Rewriting Our Cultural Narrative: William Rees (#105 Encore)
How big is your ecological footprint? Probably bigger than you think. After all, out of sight, out of mind. As an originator of ecological footprint analysis, population ecologist William Rees knows a thing or two about our impact on the planet. In this interview he provides some fascinating, and surprising insights.
This is one of our best episodes from season one. We’re sharing these while we take a break between seasons 2 and 3. Help ensure there IS a season three by pitching in with a tax-deductible donation during our Tap the Brightest Minds campaign. Thank you.
Did you know most of us in the industrialized world have a footprint three or four times our fair share? Or that the “global economy is a giant Ponzi scheme?” It turns out localized economies have their advantages over globalization. William Rees points out that globalization has allowed concentrated populations to extend their footprints all over the world. “We’re seeing growth in human technological capacity and human populations and the scale of the economy that’s completely unprecedented.”
“Cultural narrative” is our understanding of how the world works. What’s important to us? How do we define success, progress and happiness? Rees observes that our current narrative is the worldview that neverending growth in income, and growth in the scale of the human project, are desirable and possible. We’re naturally optimistic, and short-sighted, so we’re inclined to live in denial of the physical realities of our world. We’d “rather have a party now, than worry about having parties ten, fifteen, thirty years from now.”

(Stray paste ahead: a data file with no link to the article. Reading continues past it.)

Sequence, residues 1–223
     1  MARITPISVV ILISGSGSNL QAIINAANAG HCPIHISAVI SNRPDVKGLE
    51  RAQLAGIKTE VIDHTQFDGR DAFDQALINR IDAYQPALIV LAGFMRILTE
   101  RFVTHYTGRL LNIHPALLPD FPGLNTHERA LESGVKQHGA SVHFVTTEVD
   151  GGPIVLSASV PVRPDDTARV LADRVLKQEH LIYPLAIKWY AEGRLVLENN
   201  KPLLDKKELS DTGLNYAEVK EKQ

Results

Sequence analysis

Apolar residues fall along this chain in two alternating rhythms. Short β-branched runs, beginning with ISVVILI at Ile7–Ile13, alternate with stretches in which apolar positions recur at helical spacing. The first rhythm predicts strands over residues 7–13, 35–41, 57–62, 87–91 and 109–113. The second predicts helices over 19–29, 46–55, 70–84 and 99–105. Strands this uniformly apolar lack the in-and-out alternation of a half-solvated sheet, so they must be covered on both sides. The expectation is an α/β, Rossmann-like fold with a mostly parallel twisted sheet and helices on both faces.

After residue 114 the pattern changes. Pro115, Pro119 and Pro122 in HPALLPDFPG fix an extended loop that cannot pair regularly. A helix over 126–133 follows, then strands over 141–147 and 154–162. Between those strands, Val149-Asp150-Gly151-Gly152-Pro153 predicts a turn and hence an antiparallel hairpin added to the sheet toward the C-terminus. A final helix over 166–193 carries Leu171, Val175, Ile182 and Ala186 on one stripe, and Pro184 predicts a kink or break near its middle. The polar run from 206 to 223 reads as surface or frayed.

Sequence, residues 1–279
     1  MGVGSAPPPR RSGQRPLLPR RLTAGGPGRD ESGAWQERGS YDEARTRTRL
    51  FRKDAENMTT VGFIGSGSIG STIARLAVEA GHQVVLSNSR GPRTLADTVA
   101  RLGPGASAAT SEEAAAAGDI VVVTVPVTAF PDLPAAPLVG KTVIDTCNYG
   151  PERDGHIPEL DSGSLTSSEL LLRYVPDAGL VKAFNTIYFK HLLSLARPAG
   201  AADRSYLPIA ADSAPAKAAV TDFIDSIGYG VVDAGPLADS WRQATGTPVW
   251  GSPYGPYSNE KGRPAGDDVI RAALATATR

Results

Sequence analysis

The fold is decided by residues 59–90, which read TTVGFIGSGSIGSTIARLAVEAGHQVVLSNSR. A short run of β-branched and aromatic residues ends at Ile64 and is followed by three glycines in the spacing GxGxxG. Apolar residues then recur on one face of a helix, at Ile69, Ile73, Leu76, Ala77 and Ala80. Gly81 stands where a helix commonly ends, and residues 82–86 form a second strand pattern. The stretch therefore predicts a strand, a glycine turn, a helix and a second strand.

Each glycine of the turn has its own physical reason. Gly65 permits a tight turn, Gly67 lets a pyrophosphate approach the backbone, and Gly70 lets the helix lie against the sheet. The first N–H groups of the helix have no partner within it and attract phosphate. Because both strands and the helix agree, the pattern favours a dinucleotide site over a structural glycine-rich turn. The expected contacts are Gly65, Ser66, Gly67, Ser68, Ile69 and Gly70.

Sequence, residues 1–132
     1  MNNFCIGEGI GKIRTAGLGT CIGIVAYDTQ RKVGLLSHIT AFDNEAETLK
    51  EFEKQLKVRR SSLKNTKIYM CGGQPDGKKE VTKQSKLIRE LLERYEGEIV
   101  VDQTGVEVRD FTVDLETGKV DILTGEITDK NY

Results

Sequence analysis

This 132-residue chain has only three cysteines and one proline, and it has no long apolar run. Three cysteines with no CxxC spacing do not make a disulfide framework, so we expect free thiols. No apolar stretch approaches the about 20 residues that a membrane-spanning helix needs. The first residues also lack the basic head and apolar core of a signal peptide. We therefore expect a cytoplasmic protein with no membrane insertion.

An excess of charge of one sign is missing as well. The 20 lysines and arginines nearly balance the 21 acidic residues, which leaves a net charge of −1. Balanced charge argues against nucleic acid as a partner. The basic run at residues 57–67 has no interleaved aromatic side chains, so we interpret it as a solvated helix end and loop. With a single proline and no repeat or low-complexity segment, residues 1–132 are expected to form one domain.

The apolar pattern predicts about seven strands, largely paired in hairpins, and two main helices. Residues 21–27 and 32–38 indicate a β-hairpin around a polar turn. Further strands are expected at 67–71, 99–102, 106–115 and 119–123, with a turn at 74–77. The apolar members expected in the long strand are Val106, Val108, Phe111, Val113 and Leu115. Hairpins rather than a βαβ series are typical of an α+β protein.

Rees raises the question, “are we an intelligent species?” If we are, then it’s time to rewrite our cultural narrative. The very wealthy in our society actually have a moral obligation to scale back, “to free up ecological space so that the poor, who have a right to grow, are able to do so.”
More About William Rees:
William E. Rees has been Professor at the University of British Columbia since September 1969. He is currently Professor in the College for Interdisciplinary Studies, School of Community and Regional Planning. He is a Member of the International Society for Ecological Economics and the Canadian Society for Ecological Economics. Rees was elected a Fellow of the Royal Society of Canada in 2006, was awarded the 2012 Boulding Prize in Ecological Economics and a 2012 Blue Planet Prize. His book, Our Ecological Footprint: Reducing Human Impact on the Earth, co-authored with Mathis Wackernagel, is more relevant today than ever.
Photo by Nick Wiebe (Own work) [CC BY-SA 3.0]